Metro DetroitJuly 31, 2013
What to do when you’re left in the dark
Local experts share tips on how to handle a blackout
By Elizabeth Scussel
C & G Staff Writer
Residential streets in Berkley and Huntington Woods were severely flooded Sept. 11, 2011, when torrential rains swept through the area. Many residents were left with damaged property after their basements flooded.
You hear a crash of thunder. You see a spark of lightening. Suddenly, there is deafening silence and vivid darkness.
Wicked summer storms can bring all kinds of destruction, including power outages. Taking the necessary precautions can result in saving time and money, but most importantly, avoiding accidents. Experts say being prepared can minimize the impact of severe weather and help families stay safe.
South Lyon resident Debra McIntyre-Dodd, senior public information director for Consumers Energy, said the most important thing to do is have a plan in place.
“Be well-prepared for adverse weather, and always err on the side of safety,” McIntyre-Dodd said. “Some people don’t understand the power of a storm and do not act safely in its aftermath, such as not looking for possible downed wires or other electrical problems before beginning cleanup efforts, or not keeping children and pets away from downed lines and debris where power lines may be hidden. Those who don’t operate generators safely are compromising their safety and possibly of those around them.
“Installed and used correctly, generators are a good alternative to have a power supply during an extended outage,” McIntyre-Dodd said. “First, a licensed electrician should be used to install it. The generator must also be isolated from Consumers Energy’s electric distribution system. Generators should never be used in an enclosed area — such as a garage or basement — because carbon monoxide could develop without adequate ventilation. Also, never try to add fuel to a generator when it is running; turn it off first.”
Consumers Energy recommends charging cellphones and laptops in advance of a storm, and having fresh batteries available for flashlights and weather radios. People should make sure to have at least a three-day supply of water and non-perishable food, prescription medications, and a first-aid kit on-hand.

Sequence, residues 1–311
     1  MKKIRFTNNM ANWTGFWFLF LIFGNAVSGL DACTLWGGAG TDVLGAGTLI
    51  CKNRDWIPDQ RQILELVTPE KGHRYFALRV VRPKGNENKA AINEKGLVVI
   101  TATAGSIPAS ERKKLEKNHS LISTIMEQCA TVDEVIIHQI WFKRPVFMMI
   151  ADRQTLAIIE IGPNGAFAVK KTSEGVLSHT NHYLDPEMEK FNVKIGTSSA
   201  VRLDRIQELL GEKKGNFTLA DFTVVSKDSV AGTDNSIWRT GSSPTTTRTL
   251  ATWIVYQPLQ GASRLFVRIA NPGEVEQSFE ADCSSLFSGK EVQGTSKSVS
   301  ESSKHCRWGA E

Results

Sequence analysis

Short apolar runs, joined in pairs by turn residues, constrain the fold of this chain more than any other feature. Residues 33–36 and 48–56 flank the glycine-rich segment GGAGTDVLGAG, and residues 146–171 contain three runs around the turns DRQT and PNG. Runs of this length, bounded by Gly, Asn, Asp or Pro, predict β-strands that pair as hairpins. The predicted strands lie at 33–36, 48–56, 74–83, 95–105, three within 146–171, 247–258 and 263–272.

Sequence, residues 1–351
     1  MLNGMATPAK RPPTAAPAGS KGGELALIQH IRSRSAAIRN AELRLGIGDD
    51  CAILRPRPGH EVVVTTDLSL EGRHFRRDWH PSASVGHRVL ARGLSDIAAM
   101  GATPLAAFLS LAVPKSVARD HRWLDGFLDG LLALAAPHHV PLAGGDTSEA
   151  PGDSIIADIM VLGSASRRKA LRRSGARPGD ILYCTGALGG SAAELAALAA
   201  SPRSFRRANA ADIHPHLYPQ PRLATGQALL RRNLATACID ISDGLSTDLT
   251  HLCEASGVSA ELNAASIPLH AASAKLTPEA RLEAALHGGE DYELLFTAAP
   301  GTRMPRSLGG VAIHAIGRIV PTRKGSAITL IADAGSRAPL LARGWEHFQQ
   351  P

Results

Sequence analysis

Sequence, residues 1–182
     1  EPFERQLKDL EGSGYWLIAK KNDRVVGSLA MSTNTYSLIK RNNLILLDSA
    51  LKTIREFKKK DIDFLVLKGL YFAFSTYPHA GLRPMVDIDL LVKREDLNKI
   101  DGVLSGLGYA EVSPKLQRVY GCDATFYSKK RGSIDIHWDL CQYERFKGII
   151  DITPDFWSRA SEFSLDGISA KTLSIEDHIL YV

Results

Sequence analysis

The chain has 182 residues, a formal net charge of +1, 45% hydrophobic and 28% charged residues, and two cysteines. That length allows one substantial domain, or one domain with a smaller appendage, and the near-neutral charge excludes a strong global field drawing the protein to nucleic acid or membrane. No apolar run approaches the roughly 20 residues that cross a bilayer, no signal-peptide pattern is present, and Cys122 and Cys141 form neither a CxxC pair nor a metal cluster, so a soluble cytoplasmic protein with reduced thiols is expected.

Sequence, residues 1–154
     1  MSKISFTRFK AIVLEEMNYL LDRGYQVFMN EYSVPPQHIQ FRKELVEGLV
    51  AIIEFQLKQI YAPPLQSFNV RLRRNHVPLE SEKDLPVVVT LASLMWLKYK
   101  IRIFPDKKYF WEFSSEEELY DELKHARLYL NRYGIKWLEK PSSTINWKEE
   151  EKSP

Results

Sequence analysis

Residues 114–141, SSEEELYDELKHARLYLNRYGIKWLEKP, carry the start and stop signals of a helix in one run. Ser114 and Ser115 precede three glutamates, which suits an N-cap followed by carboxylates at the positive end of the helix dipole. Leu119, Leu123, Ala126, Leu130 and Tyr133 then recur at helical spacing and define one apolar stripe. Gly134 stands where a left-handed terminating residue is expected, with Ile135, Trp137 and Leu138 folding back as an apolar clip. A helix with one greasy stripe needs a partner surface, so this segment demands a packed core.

McIntyre-Dodd also advises people be on top of important information. Consumers Energy recently launched an online outage map that allows anyone to see the location of outages, report an outage and get an estimated time when service will be restored.
With any blackout lasting more than a few hours, one thing that requires much consideration is the contents of the refrigerator.
“Refrigerated food should be safe as long as power is out no more than four hours. Keep the refrigerator door closed as much as possible,” said Allison Pruitt, lead clinical dietitian for Allegiance Health and CareLink of Jackson.
She advises discarding any perishable food such as meat, poultry, fish, eggs and leftovers that have been above 40 degrees for more than two hours.
“Food items in the refrigerator door often get warm sooner than items in the back. It is recommended that mayonnaise, horseradish and creamy salad dressings be thrown out if the temperature is above 50 degrees for over eight hours,” Pruitt said. “There are not any food items that need to be thrown out immediately. Waiting to see how long it will be before power is restored is the best idea. Ideally, during this time, you would not open the refrigerator door at all. If it stays sealed, your refrigerator can keep food cold for about four hours, and a full freezer about 48 hours, and 24 hours if a freezer is half-full.”
Pruitt recommends packing important items from the refrigerator, such as milk, dairy products, meats, fish, poultry and eggs, in a cooler full of ice if it looks like the power will be out for more than two hours.
“If it looks like the power outage will be prolonged beyond a day or so, prepare another cooler with ice for the items in your freezer,” she said. “Once defrosted, these items are considered to be refrigerated, and the same two-hour rule applies.
“Saving a potentially hazardous food that has been in the temperature danger zone is never worth it. Never taste food to determine its safety. You can’t rely on appearance or odor to determine whether food is safe. Remember: When in doubt, throw it out.”